Ozone-forming pollution can travel long distances on the wind before reacting in the sun to form ozone. Ozone itself also can travel long distances, so even rural areas can have high ozone levels. And while ozone is a warm-weather pollutant in most areas, wintertime ozone episodes have been increasing in recent years in some Western states.

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Fine-particle pollution can come from sources such as fires, tailpipes or woodstove chimneys. But it also forms when emissions from power plants, highway vehicles or industrial activities chemically react in the atmosphere. Depending on where you live, particles can be a problem at any time of year. Keep track of air quality where you live:

Wednesday: Get Outside! And Use the Air Quality Index

Think you have to stay inside on a Code Orange AQI day in your area? You may be surprised to learn that isn't usually the case. Think of the Air Quality Index like a weather forecast -- and use it to plan your outdoor activity.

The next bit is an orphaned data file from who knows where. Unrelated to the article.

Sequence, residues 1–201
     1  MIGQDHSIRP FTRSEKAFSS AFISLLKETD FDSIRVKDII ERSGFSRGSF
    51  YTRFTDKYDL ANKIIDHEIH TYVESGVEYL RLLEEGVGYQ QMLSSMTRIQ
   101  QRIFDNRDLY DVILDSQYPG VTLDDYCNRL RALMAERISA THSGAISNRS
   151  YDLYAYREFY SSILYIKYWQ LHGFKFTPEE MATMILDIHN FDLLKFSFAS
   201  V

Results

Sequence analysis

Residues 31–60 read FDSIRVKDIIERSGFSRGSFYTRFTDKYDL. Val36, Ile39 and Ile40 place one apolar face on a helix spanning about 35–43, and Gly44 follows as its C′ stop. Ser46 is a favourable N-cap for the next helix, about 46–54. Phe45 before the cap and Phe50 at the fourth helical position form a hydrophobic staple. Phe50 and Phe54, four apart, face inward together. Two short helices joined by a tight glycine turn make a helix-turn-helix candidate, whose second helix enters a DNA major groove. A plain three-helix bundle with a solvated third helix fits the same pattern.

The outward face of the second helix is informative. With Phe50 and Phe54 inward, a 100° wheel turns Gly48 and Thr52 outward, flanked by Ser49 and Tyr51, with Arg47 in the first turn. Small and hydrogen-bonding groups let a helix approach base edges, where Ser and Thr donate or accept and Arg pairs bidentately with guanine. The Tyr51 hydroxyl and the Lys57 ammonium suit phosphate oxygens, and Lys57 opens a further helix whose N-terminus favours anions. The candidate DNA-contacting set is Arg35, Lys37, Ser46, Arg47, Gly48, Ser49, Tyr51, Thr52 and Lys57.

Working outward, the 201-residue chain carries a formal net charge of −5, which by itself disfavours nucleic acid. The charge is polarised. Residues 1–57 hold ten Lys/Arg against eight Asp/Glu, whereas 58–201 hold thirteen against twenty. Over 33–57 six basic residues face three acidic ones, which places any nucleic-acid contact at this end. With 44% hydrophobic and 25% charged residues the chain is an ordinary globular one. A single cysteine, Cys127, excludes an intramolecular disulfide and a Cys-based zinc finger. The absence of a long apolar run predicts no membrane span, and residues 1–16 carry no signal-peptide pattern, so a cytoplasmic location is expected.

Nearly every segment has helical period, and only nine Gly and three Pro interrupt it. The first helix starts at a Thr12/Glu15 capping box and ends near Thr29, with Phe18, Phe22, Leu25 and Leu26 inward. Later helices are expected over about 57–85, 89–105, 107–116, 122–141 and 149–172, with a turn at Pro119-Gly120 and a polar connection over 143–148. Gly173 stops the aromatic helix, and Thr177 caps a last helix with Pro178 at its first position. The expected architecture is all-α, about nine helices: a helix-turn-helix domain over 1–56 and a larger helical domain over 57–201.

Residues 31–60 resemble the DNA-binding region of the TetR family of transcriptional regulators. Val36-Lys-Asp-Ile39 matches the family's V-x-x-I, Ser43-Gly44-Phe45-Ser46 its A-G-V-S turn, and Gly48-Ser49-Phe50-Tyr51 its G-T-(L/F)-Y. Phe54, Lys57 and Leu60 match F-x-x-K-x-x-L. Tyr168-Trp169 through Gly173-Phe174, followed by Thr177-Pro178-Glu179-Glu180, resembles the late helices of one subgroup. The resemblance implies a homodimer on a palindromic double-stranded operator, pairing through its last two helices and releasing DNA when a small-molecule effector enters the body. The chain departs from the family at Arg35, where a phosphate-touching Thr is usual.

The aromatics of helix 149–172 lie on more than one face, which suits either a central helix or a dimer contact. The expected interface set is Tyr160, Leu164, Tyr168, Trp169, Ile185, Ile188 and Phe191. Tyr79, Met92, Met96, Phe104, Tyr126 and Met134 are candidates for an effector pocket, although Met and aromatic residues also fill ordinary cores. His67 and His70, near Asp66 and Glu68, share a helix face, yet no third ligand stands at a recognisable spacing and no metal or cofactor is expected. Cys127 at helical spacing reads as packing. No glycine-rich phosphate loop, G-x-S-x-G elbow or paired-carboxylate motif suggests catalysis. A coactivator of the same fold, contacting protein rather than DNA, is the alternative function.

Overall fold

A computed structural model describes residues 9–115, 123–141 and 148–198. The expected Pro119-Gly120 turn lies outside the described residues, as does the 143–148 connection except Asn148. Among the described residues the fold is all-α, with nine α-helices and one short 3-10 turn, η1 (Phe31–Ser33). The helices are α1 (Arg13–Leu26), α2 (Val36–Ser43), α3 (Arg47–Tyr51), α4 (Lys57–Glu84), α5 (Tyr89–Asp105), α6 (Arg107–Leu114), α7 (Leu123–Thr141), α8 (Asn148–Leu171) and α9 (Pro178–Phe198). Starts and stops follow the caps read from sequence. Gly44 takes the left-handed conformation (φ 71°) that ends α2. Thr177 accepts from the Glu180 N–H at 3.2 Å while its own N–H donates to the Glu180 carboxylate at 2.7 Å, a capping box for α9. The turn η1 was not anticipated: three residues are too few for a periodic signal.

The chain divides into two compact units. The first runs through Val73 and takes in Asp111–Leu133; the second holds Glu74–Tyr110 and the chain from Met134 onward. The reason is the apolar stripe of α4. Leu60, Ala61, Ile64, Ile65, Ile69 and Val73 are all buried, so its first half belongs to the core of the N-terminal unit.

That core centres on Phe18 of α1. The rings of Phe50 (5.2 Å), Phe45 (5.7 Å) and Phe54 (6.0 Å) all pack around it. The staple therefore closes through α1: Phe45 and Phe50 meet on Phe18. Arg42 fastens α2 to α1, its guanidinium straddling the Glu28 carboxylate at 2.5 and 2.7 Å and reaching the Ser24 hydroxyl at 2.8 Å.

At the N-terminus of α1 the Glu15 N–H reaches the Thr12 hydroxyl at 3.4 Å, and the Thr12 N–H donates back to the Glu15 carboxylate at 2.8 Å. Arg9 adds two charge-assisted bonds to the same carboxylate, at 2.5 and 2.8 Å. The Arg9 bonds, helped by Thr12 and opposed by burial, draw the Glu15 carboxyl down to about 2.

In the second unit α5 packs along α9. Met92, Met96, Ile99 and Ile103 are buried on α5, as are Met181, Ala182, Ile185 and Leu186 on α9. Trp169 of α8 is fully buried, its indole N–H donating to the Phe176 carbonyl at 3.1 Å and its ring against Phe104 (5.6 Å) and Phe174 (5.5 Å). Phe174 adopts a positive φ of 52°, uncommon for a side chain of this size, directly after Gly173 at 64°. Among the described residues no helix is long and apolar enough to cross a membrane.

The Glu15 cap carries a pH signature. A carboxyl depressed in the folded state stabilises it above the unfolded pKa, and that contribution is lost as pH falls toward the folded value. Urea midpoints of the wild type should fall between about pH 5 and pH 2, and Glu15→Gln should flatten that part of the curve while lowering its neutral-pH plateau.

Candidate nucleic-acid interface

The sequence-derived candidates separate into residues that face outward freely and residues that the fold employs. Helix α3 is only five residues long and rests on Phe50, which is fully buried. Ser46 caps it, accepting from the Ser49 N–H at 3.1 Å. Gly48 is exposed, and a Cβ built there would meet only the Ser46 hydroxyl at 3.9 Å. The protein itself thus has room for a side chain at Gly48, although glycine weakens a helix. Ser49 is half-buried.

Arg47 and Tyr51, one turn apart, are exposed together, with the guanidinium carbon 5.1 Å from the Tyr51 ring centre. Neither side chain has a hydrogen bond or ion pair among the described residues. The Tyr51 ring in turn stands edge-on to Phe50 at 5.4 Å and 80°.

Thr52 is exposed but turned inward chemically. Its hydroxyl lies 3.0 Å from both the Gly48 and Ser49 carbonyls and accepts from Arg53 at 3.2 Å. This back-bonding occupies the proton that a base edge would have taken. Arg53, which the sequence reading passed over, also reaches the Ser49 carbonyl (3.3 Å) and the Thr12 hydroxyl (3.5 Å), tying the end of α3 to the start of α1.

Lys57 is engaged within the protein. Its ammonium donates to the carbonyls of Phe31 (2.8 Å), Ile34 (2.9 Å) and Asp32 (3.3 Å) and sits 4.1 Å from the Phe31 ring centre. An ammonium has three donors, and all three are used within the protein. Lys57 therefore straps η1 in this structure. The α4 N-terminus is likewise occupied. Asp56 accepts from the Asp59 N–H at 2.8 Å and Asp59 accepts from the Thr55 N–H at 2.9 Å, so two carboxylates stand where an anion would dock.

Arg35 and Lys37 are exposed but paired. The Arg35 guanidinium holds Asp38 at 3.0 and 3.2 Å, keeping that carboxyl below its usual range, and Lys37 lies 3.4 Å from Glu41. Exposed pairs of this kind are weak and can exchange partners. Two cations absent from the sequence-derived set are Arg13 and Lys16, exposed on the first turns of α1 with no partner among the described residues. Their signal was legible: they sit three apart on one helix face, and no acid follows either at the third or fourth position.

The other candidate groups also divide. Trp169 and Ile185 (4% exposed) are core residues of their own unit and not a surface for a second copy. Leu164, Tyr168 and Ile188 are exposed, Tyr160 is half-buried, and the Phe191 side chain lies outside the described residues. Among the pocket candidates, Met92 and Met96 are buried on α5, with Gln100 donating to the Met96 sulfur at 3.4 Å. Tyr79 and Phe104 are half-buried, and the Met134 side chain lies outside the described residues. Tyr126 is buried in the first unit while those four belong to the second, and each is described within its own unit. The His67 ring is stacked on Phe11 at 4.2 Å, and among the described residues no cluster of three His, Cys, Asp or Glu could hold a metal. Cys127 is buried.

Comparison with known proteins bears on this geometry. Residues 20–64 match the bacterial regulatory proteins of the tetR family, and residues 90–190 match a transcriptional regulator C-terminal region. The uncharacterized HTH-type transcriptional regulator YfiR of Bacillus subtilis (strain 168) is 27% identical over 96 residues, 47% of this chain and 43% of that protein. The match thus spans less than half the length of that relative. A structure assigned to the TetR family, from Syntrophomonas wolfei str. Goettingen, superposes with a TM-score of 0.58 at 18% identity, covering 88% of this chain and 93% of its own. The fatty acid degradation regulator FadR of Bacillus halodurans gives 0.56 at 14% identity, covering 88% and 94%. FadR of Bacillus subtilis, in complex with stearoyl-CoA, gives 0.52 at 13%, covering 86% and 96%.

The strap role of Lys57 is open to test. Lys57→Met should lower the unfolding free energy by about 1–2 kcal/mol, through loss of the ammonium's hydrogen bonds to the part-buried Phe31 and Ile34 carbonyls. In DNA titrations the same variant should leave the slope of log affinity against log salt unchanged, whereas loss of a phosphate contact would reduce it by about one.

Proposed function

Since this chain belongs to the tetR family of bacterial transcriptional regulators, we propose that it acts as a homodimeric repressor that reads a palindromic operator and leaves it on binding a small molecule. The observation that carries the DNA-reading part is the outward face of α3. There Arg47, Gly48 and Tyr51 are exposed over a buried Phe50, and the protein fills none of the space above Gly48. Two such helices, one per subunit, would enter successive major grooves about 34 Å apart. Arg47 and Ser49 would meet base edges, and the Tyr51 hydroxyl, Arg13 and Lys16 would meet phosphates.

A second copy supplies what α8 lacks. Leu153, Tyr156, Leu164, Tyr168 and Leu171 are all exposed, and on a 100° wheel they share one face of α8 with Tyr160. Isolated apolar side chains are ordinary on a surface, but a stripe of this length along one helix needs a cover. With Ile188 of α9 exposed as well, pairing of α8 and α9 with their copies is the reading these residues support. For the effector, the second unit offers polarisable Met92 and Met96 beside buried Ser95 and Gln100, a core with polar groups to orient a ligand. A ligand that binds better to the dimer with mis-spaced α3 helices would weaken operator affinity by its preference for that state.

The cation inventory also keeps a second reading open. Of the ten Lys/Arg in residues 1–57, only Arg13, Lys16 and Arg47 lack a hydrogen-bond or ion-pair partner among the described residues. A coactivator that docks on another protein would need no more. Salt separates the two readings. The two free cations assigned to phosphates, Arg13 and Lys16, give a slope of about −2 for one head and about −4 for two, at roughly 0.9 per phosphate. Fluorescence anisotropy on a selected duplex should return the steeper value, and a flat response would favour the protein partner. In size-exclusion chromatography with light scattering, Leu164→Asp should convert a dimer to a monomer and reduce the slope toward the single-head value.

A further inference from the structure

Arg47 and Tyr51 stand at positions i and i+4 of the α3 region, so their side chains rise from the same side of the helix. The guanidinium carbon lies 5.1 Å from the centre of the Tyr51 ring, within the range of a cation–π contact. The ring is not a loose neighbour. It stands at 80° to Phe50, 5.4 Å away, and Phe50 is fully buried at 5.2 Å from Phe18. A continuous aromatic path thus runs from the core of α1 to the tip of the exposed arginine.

Finding the AQI is easy. It's available on the Web, on many local TV weather forecasts and through free email tools and apps. Once you have the forecast for your local area, check the health recommendations to see how to reduce the amount of pollution you breathe in.

AQI recommendations apply to other outdoor activities, too -- including activities like working in the garden. So on a day with poor air quality, try to do less strenuous chores, like weeding instead of moving heavy mulch.

Most of the time, changes like these will help you reduce your exposure.

To find your AQI forecast:

Thursday: Help Your Neighbors -- Increase Air Quality Awareness Where You Live

The Illinois Air Quality Flag Program improves awareness of outdoor air quality -- and helps teachers and coaches ensure that children get plenty of physical activity, while protecting their health when air quality is poor. Children (including teenagers) are at greater risk from air pollution because their lungs are still developing, they are more likely to be active outdoors, and they breathe more air per pound of body weight than adults. They're also more likely to have asthma.